Add to that the rarity of winning Best Picture without a SAG bid for Best Ensemble (the only Oscar champ to overcome this snub was “Braveheart” back in 1995) or an Oscar nomination for writing, as “Revenant” would have to do.

Only seven Best Picture winners in Oscar history have won without contending for their screenplays; the most recent of these was “Titanic” (1997). Before that you have to go back to another all-time box office champ, “The Sound of Music” (1965), and then “Hamlet” (1948), an adaptation of the Shakespearean tragedy. 

BAFTA Film Awards 2016: Complete list of winners (and nominees)

You might argue that “The Revenant” doesn’t have a lot of dialogue and thus wouldn’t have been nominated for writing anyway. But tell that to the similarly taciturn survival drama “The Pianist,” which won the Adapted Screenplay Oscar in 2002, or “The Artist,” which contended for Original Screenplay in 2011 despite being a silent film with no spoken dialogue at all.

As for the missing the SAG nomination, “The Revenant” doesn’t have a big cast, but it certainly has more (and more famous names) than the three actors nominated for “Beasts of No Nation” this year, or the trio who were nominated for “Million Dollar Baby” in 2004. So if you’re still predicting “The Big Short” because it checks those boxes, you may still be on solid ground.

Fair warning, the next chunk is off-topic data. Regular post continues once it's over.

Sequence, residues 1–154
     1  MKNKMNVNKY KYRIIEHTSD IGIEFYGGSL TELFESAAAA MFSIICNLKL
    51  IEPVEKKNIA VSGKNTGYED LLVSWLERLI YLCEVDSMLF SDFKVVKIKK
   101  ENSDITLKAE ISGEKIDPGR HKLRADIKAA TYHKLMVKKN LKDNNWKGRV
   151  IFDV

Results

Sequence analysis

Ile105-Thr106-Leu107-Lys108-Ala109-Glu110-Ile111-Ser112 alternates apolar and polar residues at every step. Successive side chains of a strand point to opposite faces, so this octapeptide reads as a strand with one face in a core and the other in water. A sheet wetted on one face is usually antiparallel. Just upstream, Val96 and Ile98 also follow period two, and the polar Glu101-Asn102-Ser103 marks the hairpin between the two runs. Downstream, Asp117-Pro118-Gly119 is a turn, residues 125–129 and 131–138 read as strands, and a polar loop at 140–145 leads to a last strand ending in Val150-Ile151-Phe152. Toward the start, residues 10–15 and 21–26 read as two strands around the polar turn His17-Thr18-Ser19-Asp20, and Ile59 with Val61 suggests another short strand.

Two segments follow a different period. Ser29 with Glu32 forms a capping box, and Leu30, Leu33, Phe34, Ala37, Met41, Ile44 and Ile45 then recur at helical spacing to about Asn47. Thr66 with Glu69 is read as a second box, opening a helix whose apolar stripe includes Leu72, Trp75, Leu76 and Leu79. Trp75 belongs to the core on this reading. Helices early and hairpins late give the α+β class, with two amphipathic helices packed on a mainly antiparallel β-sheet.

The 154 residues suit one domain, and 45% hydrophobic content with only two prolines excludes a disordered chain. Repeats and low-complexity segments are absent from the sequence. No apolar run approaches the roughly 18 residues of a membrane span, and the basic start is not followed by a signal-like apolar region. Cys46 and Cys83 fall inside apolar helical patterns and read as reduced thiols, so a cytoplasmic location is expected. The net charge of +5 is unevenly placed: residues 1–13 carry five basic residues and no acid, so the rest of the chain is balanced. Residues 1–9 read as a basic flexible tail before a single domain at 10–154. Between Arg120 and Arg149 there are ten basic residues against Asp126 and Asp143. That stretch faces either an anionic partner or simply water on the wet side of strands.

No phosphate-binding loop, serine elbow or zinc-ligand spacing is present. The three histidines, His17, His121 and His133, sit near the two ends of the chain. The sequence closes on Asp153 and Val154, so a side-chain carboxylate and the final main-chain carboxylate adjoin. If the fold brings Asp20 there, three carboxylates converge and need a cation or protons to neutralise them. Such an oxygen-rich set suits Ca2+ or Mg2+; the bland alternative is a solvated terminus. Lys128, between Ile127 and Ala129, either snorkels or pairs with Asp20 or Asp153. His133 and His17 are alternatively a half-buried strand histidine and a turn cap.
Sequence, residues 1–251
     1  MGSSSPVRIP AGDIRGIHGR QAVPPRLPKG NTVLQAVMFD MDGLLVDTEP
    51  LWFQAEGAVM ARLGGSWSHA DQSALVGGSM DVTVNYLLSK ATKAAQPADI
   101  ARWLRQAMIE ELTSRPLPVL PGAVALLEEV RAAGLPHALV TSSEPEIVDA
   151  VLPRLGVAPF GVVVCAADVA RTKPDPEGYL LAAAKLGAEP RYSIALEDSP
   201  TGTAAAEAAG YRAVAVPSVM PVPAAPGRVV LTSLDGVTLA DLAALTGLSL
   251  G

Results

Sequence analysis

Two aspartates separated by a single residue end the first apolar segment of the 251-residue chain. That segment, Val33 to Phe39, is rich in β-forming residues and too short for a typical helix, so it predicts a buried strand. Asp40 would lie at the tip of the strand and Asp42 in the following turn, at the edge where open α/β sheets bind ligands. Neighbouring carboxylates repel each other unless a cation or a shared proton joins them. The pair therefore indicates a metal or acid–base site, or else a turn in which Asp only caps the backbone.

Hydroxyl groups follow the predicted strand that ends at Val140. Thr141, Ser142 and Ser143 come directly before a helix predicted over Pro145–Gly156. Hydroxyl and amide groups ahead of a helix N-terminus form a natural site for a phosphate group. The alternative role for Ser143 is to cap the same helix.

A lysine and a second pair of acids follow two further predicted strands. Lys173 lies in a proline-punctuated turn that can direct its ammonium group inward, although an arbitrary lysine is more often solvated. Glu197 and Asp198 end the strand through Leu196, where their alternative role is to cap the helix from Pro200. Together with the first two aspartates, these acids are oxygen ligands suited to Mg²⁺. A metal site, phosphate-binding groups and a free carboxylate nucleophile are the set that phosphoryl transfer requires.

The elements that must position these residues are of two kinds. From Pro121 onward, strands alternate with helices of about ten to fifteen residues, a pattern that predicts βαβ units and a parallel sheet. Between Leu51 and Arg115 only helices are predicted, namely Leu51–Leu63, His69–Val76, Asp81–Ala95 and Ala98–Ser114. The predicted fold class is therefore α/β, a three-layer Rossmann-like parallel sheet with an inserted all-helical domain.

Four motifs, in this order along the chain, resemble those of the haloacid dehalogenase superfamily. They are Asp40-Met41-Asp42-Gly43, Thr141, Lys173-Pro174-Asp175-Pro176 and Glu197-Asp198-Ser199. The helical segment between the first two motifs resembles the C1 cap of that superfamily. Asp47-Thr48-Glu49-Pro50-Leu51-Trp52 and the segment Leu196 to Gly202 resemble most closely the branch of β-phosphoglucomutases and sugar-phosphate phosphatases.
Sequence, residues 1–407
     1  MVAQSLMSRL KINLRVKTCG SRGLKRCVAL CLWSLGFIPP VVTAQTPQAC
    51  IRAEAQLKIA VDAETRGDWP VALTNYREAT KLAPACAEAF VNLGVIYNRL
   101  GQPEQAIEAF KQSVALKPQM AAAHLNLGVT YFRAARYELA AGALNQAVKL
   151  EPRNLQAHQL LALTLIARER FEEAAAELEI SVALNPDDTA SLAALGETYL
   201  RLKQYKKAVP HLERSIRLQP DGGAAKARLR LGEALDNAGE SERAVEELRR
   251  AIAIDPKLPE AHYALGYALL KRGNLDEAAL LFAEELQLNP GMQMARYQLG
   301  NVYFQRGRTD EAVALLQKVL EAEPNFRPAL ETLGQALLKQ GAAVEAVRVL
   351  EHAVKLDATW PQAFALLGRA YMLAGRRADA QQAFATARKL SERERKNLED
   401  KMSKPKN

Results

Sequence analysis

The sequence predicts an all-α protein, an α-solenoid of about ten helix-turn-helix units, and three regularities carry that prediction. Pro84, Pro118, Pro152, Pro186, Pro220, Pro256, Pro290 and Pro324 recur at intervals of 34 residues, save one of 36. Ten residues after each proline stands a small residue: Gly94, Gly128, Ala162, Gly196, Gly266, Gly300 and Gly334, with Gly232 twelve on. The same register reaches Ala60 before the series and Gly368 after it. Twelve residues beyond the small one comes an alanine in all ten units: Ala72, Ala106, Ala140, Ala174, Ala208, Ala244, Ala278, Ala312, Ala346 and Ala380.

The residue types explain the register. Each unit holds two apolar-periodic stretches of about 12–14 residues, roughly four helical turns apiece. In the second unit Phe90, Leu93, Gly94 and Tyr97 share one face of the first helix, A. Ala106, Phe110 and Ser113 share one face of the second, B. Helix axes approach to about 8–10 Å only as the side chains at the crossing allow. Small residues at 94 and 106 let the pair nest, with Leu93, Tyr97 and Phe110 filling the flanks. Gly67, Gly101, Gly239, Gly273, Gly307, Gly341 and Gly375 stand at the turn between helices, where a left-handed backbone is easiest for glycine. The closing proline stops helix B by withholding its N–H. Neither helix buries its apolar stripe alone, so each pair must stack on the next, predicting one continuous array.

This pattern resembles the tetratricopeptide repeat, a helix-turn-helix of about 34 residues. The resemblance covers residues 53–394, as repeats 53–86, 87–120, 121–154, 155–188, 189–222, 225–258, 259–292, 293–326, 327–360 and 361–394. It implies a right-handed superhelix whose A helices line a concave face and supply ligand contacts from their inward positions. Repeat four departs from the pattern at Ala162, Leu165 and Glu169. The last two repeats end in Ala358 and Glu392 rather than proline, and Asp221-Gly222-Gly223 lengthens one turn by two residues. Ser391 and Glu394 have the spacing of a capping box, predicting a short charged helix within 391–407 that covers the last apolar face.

So the last factor that finally tipped me over to “The Revenant” is the potential win totals. If “The Big Short” wins Best Picture, its only other likely victory is Best Adapted Screenplay. It’s almost unheard of for a film to take Best Picture with only one other win (the last to do so was “The Greatest Show on Earth” in 1952, which also won the now-defunct Best Story award).

“The Big Short” could also take Best Editing (which would be the same three victories as “Argo”). However, it couldn’t even beat “Mad Max: Fury Road” for that award at the BAFTAs, which didn’t like “Mad Max” nearly as much (seven nominations in all) as the Oscars did (10 in total).

Meanwhile, “The Revenant” is all but certain to win three or more awards before Best Picture (Director, Actor for Leonardo DiCaprio, Cinematography) as well as perhaps one or both Sound categories and Visual Effects.

But the final takeaway is that there is no analogous year to this one in terms of how the precursors awards line up or how they disagree. Our most reliable tea leaves are telling us different things, so some of them are destined to be wrong. So while the PGA has been right every year under the preferential ballot (therefore “Big Short” wins), the BAFTA and DGA combo has been right every time but twice (therefore “Revenant” wins).

Then again, the one time BAFTA, DGA and PGA were all wrong was when “Brokeback Mountain” was upset by the SAG winner “Crash,” so that even keeps hope alive for Best Ensemble champ “Spotlight.”

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“The Revenant” photo credit: 20th Century Fox